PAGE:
Physician counseling is effective in promoting healthy behavior. We evaluated whether patient reports of physician acknowledgment of overweight patients' weight status are associated with the patients’ perceptions of their own weight and desire to lose weight.
We analyzed the 2005-2008 National Health and Nutrition Examination Survey data on adults aged 20 to 64 years with a body mass index (BMI) of at least 25.0 (calculated as weight in kilograms divided by height in meters squared). Logistic regressions were computed to evaluate the impact of reports of physician acknowledgment of patients' weight status on patients’ perceptions of their weight, desire to weigh less, and attempts to lose weight.
In logistic regressions controlling for relevant confounding variables, participants with a BMI of 25 or greater (odds ratio [OR], 6.11; 95% confidence interval [CI], 4.38-8.53) and those with a BMI of 30 or greater (OR, 7.58; 95% CI, 5.83-9.84) both had an increased likelihood to perceive themselves as overweight if they were told by their physician that they were overweight. Similarly, participants with a BMI of 25 or greater (OR, 2.51; 95% CI, 2.15-2.94) and those with a BMI of 30 or greater (OR, 2.24; 95% CI, 1.74-2.88) had an increased likelihood to have attempted to lose weight in the previous 12 months if they had reported being told they were overweight. However, only 45.2% of individuals with a BMI of 25 or greater and 66.4% of those with a BMI of 30 or greater reported being told by a physician that they were overweight.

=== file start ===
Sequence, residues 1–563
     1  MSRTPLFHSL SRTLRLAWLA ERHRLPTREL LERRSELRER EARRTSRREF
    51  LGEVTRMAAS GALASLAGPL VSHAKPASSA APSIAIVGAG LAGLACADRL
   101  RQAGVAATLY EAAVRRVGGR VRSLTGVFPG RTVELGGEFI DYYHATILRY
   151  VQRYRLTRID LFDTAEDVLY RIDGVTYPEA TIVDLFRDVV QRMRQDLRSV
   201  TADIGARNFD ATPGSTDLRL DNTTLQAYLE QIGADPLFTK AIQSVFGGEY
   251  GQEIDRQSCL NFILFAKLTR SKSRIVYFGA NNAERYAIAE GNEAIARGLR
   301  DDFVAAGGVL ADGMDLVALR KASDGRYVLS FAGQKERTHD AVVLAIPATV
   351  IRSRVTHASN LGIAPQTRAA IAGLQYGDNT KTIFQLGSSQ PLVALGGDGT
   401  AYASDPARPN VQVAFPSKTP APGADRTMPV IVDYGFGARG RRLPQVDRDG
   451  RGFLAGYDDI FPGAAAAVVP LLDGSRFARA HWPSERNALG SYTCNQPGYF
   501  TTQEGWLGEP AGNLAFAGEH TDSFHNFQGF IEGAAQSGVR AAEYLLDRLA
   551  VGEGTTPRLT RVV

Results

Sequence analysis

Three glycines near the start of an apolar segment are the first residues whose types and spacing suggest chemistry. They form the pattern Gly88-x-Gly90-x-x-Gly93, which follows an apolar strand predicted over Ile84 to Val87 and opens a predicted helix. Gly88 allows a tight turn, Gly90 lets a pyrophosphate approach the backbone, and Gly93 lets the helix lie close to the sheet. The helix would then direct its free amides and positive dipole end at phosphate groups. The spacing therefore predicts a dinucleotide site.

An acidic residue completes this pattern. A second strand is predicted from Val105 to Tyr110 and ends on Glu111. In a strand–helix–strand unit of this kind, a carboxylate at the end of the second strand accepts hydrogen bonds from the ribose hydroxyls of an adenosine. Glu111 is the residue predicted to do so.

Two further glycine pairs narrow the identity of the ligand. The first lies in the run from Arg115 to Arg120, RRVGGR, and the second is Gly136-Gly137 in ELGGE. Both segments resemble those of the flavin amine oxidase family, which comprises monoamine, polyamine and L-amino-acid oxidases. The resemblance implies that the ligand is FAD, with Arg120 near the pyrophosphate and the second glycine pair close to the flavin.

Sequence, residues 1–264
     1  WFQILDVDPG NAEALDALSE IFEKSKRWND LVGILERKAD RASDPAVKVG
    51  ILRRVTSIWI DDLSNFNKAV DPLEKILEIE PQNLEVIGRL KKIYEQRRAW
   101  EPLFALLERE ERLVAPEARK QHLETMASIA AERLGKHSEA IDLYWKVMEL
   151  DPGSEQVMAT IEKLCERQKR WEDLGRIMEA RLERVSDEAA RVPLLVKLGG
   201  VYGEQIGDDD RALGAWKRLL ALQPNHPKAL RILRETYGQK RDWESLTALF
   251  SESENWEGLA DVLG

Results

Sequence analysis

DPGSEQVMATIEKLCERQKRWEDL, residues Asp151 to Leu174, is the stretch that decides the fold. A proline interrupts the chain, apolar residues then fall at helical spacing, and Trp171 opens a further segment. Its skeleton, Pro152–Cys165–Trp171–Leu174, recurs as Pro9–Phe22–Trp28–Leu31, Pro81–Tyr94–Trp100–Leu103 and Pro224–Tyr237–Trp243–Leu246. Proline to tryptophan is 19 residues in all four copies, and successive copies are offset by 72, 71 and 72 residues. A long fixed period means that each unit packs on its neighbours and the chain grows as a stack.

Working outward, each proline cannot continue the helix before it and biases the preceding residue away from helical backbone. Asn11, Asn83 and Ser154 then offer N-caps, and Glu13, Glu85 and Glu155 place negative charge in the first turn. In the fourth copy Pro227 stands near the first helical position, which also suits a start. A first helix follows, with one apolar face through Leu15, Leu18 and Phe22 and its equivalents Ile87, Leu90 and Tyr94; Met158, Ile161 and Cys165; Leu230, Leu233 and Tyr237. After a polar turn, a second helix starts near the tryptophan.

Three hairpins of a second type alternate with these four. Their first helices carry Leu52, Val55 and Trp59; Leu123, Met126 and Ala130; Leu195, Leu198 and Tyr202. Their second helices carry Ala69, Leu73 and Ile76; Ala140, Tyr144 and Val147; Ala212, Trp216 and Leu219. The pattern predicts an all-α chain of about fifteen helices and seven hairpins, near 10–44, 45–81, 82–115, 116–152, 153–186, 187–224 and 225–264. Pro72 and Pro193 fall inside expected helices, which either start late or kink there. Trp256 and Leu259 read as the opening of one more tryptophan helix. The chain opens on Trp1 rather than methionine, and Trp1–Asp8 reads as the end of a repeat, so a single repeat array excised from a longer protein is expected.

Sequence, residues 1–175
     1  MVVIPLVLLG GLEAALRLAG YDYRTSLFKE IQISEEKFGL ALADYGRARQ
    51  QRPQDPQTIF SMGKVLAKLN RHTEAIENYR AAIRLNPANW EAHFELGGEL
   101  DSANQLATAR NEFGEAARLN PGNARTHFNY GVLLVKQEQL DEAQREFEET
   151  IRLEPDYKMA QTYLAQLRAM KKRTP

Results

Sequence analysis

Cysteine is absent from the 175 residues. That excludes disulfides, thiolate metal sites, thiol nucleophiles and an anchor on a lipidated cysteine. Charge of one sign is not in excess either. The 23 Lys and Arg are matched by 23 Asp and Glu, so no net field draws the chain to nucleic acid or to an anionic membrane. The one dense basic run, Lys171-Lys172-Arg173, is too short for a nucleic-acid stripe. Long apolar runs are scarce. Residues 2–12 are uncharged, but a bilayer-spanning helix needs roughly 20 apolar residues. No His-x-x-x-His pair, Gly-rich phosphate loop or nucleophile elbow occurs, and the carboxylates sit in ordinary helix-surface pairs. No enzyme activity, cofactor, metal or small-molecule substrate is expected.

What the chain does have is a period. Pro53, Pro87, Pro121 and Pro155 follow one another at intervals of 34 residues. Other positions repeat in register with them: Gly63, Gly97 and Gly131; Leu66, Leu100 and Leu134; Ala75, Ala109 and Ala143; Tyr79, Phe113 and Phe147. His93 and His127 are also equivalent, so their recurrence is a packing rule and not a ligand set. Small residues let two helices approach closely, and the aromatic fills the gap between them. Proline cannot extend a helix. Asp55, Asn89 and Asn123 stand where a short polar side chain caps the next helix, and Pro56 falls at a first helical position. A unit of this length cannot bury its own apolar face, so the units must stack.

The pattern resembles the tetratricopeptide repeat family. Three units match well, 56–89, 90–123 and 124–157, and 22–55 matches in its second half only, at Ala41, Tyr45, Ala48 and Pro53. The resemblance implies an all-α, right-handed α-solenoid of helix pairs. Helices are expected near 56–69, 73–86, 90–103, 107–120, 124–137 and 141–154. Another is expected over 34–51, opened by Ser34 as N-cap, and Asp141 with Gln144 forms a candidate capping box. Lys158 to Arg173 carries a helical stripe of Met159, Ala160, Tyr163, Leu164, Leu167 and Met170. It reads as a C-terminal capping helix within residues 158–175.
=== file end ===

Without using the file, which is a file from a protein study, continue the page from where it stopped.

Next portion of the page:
Among patients who were overweight or obese, patient reports of being told by a physician that they were overweight were associated with more realistic perceptions of the patients’ own weight, desire to lose weight, and recent attempts to lose weight.